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I faced the following problem which says:

If $\lim_{x \to 0} \left[\frac {1+cx}{1-cx}\right]^{\frac {1}{x}}=4,$ then $\lim_{x \to 0} \left[\frac {1+2cx}{1-2cx}\right]^{\frac {1}{x}}=?$

Here in the above problem,only $c$ has been replaced by $2c?$ Then should the value of $\lim_{x \to 0} \left[\frac {1+2cx}{1-2cx}\right]^{\frac {1}{x}}$ remain same? I can not prove it.

Can someone point me in the right direction?Thanks in advance for your time.

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does the question say for a specific c? or c can be any real number? – Arjang Feb 23 '13 at 4:15
@arjang: The limit $\displaystyle\lim_{x \to 0} \left( \frac{1 + cx}{1 - cx} \right)^{\frac{1}{x}}$ will depend on $c$, so the value of $c$ must be fixed. – JavaMan Feb 23 '13 at 4:59
up vote 4 down vote accepted

Let $2x=y$. Then $\frac{1}{x}=\frac{2}{y}$. Note that $y\to 0$ as $x\to 0$. Our expression now becomes $$\lim_{y\to 0}\left(\left(\frac{1+cy}{1-cy}\right)^{1/y}\right)^2.$$

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If $$L=\lim_{x \rightarrow 0} \left ( \frac{1+c x}{1-c x} \right )^{1/x}$$


$$\log{L} = \lim_{x \rightarrow 0} \frac{1}{x} \log{\left ( \frac{1+c x}{1-c x} \right )}$$

For small $x$,

$$\log{\left ( \frac{1+c x}{1-c x} \right )} = 2 c x + O(x^3)$$

Therefore, $\log{L} = 2 c = \log{4} \implies c=\log{2}$.

You should be able to do the rest.

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Farfetched, but effective. – Pedro Tamaroff Feb 23 '13 at 4:03
@PeterTamaroff: uhhh...thanks. I think. – Ron Gordon Feb 23 '13 at 4:08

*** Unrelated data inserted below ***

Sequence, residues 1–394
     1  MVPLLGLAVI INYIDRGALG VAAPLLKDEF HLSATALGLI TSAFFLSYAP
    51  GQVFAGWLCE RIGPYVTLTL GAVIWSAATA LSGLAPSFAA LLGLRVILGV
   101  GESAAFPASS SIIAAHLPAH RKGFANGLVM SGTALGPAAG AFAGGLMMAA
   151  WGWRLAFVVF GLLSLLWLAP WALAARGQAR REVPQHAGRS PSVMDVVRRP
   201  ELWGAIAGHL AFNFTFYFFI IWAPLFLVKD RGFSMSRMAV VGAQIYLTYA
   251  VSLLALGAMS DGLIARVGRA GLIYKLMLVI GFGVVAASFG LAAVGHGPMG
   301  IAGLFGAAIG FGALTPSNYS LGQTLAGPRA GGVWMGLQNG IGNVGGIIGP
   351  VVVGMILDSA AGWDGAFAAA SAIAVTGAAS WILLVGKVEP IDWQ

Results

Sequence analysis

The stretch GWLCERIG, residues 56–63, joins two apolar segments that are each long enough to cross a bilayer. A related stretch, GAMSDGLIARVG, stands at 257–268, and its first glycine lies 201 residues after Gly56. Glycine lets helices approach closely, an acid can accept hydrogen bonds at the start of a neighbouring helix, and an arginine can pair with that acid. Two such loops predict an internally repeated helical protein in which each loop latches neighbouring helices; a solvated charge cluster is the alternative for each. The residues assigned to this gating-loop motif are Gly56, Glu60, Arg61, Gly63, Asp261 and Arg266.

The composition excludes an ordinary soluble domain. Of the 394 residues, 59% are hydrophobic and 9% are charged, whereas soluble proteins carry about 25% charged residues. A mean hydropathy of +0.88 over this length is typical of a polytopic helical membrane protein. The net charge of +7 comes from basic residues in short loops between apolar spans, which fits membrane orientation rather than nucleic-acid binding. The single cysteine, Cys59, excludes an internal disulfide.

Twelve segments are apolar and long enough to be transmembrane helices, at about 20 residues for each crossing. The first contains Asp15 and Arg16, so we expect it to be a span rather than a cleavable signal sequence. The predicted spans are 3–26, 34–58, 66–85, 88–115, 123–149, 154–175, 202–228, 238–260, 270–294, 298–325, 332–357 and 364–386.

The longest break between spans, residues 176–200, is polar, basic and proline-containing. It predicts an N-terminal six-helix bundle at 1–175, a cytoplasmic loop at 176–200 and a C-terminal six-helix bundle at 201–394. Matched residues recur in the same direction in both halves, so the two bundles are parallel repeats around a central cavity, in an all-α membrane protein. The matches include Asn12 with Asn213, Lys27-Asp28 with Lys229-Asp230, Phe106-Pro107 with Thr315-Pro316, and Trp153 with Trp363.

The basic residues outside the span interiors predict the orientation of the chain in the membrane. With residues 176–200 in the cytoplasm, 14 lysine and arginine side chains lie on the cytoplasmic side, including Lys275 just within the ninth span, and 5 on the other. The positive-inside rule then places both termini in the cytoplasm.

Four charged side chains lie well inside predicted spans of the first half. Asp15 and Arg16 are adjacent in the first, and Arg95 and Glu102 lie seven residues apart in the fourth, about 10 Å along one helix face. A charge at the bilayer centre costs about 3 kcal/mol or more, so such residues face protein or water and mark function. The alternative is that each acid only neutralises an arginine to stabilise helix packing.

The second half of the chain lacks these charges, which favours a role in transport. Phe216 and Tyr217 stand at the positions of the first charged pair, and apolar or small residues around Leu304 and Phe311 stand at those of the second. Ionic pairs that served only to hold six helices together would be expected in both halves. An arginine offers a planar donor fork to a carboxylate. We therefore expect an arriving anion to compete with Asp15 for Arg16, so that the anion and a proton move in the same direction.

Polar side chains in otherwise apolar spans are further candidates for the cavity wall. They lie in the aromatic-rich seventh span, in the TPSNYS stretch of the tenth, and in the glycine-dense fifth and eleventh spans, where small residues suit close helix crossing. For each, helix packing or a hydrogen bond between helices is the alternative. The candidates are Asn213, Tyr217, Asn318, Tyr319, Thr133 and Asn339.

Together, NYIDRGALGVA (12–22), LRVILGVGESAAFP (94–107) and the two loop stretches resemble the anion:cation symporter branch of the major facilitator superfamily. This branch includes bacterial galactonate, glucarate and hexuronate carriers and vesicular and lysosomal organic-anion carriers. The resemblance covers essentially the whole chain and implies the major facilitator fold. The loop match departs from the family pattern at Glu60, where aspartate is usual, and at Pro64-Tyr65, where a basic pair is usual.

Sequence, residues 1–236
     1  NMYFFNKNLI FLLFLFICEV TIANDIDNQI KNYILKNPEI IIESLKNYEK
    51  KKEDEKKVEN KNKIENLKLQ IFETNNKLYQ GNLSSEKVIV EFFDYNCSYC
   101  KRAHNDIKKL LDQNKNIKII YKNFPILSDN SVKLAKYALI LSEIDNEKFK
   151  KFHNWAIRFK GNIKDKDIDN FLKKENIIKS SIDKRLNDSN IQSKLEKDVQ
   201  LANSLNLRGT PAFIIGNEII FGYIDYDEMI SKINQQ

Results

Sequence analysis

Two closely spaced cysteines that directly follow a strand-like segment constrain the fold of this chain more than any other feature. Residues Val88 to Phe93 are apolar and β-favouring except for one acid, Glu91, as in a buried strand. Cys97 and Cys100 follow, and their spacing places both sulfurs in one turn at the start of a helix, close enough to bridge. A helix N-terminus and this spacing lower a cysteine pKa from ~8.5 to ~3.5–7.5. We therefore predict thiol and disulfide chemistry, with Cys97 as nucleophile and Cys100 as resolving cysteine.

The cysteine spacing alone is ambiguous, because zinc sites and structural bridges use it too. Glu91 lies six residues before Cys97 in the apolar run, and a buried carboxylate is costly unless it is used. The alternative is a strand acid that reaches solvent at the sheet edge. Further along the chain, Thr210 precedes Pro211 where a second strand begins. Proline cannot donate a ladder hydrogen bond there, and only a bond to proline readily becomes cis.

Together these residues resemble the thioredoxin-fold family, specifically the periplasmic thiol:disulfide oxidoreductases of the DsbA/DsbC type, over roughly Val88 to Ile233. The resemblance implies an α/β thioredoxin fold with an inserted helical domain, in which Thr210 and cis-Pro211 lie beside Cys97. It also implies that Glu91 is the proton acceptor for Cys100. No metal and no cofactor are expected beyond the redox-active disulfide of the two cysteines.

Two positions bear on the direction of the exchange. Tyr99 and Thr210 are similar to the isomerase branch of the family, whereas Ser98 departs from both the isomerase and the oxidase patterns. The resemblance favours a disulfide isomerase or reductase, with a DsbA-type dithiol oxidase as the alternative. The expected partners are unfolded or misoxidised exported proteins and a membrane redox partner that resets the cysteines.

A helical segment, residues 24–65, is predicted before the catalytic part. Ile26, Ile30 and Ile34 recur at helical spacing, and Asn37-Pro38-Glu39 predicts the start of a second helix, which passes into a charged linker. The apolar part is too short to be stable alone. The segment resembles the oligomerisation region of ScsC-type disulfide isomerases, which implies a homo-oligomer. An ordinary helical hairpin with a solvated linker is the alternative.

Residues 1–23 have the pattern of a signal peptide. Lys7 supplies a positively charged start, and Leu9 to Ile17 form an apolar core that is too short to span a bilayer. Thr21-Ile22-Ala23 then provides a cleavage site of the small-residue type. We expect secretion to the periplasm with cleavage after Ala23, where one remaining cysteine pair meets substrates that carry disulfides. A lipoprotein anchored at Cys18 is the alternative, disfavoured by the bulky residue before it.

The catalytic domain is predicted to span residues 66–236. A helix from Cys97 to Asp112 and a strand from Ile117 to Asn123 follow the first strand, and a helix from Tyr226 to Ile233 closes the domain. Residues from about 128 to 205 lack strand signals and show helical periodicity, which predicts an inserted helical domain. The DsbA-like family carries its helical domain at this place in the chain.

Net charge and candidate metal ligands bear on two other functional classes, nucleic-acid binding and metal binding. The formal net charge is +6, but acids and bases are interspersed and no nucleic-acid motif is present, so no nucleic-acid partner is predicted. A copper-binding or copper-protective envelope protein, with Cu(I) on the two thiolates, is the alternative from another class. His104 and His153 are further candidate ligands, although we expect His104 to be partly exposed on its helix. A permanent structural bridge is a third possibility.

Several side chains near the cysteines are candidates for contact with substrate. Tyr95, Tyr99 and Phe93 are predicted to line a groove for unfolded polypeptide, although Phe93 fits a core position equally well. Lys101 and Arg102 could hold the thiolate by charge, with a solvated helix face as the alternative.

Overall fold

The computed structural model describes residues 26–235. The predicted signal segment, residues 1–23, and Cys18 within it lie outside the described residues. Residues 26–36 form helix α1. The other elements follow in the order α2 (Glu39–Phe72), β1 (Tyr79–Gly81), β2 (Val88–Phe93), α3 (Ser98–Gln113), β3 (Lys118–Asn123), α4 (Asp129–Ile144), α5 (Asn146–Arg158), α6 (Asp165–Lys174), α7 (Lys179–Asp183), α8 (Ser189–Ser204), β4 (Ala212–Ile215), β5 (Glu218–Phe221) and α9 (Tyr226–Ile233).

Maybe I should say "This is probably the last thing I would've thought of using". – Pedro Tamaroff Feb 23 '13 at 4:15
@PeterTamaroff: Huh. It seemed like the natural way to go to me. Oh well, different strokes, etc. Thanks! – Ron Gordon Feb 23 '13 at 4:21
@Peter: I think finding the value of $c$ that makes the limit equal to $4$ is quite natural. – JavaMan Feb 23 '13 at 4:22

This is wrong! In general $\lim F(x,c) = k \quad x,y,c\in \mathbb R \not \Rightarrow \lim F(x,mc) = k$

, read the comments:

Yes, that is true, value will remain the same (if the original premise is true). Instead of 2c use c', that is let c'=2c. the second limit is exactly the same as first limit with c now being called c', but that is just renaming c to c' in the first limit.

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No, this is not true. $\lim_{x\to 1} kx$ depends on $k$. Just because for some $k$ it is $=4$ it doesn't mean changing the symbol will leave the value unaffected. – Pedro Tamaroff Feb 23 '13 at 4:03
@PeterTamaroff : but that doesn't make sense, k is meant to be any arbitrary constant, not a specific number. Any examples of such behaviour? – Arjang Feb 23 '13 at 4:13
$\lim_{x\to 1 }2x=2$ but $\lim_{x\to 1 }3x=3$, as I told you. See the other answers and you'll see where you went awry. – Pedro Tamaroff Feb 23 '13 at 4:15
It is not an arbitrary constant, since the limit has a specified value. – Pedro Tamaroff Feb 23 '13 at 4:17
The question is just fine as it stands. Just pay a little more attention next time. You have $\lim F(x,c)=4$ and you want to find $\lim F(x,2c)$. As Andre and rlgordonma showed, it can be evaluated both in terms of $\lim F(x,c)$ and by finding $c$ explicitly. – Pedro Tamaroff Feb 23 '13 at 4:29

Warning : dubious operation, criticisms welcome:

$\lim_{x \to 0} \left[\frac {1+cx}{1-cx}\right]^{\frac {1}{x}} = \lim_{2x \to 0} \left[\frac {1+2cx}{1-2cx}\right]^{\frac {1}{2x}}= \lim_{2x \to 0} \left( \left[\frac {1+2cx}{1-2cx}\right]^{\frac {1}{x}} \right)^{\frac {1}{2}} = 4^{\frac {1}{2}} =2$

In above I have used : $ \lim_{x \to 0} \equiv \lim_{2x \to 0}$

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You're starting with the wrong limit. You know that the initial limit is $4$, so you want to start with $F(x,2c)$ and with $2x=y$ transform it to get something in terms of $F(x,c)$. Look at what Andre did. – Pedro Tamaroff Feb 23 '13 at 16:14

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